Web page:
If I may use an example to illustrate my point, take this exchange between Turin and Sador, best friends about 8 years old:

Turin: "...I shall go as a soldier with an Elf-king as soon as I am able, as you did Labadal."

Sador: "You may learn much of them. They are a fair fold and wonderful, and they have a power over the hearts of Men... In their light we are dimmed, or we burn with too quick a flame, and the weight of our doom lies heavier on us."

Oof, the burden of fate lies heavily on these kids, doesn't it? Even in the Lord of the Rings, Tolkien takes the time to introduce us to our main characters with less lugubrious language. Especially because of their deadly fates, we must be able to identify with our main characters before we can suffer with them.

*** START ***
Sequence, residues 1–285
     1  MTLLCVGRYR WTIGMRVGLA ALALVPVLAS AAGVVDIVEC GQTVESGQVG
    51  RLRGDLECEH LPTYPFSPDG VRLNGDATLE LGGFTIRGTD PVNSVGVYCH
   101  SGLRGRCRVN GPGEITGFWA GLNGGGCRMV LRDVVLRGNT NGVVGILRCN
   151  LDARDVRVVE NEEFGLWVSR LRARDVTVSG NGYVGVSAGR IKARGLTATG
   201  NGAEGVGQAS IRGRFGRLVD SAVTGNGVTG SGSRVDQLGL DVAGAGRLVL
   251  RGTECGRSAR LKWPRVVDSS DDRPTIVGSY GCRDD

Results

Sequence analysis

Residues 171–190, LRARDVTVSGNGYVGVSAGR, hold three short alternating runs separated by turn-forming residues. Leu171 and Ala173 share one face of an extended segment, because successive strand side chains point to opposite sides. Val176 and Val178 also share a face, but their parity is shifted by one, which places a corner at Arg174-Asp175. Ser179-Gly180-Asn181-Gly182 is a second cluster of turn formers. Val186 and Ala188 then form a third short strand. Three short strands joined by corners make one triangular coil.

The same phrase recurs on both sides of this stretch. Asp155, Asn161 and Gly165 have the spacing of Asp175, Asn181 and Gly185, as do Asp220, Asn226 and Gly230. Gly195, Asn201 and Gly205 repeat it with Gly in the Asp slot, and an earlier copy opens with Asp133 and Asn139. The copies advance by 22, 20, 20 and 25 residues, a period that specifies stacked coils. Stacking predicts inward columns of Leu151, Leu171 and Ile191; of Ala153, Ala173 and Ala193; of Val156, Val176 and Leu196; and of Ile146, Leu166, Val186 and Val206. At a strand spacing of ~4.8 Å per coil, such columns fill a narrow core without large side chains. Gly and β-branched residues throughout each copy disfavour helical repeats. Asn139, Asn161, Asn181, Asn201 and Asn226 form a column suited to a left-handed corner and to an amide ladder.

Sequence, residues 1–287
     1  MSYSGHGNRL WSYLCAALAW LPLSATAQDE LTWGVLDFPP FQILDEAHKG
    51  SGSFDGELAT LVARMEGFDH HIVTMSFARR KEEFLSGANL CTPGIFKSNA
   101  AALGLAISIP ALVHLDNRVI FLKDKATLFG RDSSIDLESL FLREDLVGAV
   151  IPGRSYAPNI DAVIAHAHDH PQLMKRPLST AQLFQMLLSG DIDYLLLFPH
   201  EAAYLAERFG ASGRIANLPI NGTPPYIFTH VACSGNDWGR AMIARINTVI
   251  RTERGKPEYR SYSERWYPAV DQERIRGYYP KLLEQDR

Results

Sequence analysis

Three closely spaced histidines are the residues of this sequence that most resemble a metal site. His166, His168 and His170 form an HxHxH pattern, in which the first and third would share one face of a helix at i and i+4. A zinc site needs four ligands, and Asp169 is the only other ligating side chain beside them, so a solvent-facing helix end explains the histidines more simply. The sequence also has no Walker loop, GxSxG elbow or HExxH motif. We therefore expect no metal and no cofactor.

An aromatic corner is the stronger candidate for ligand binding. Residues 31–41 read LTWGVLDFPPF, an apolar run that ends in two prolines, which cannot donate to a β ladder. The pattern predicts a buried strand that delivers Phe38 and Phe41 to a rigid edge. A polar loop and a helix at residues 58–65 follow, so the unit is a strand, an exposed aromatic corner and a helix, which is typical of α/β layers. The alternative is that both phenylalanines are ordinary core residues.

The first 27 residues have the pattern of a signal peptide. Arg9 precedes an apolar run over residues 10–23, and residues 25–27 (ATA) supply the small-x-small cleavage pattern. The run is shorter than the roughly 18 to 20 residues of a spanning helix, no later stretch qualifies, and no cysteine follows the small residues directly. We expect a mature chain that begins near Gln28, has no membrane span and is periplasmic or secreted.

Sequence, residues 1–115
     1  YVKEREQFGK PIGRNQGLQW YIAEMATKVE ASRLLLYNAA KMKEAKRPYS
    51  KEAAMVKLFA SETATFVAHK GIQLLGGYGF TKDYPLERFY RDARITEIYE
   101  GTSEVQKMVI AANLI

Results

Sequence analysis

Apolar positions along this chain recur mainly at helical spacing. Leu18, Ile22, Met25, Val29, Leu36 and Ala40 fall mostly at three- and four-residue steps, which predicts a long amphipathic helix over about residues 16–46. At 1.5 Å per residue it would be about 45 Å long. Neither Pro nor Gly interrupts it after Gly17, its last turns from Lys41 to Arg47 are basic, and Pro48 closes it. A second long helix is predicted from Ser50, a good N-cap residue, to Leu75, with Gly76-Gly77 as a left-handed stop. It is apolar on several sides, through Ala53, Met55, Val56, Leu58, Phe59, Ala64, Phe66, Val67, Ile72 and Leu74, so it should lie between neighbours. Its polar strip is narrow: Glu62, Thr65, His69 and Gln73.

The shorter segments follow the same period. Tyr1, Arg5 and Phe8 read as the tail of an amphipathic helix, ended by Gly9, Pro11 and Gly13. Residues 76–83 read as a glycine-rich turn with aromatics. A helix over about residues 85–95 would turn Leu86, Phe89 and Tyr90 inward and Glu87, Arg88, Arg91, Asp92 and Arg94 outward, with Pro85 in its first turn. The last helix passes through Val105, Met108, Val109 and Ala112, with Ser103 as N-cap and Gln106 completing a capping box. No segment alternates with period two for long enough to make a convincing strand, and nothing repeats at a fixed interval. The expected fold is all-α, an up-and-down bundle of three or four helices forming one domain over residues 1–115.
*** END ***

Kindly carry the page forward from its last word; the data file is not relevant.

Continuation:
This is the main reason that I really could not "get into" the story of Hurin's children. It would have improved if the war fought in the early chapters of the book could be the basis of character development instead. However it, too, falls victim to the event cataloguing featured in the first chapters. Not once is the experience of one warrior recounted in the battle - strategic decisions are reported only. Where are the equal measures of sport and horror in killing that was important to Tolkien's earlier works? In LOTR, Gimli and Legolas humorously compete in the orc body count, in TCoH, Hurin impassively gives orders, even as his king is cut in half by the axe of a balrog. Vengeance? Grief? Any reaction?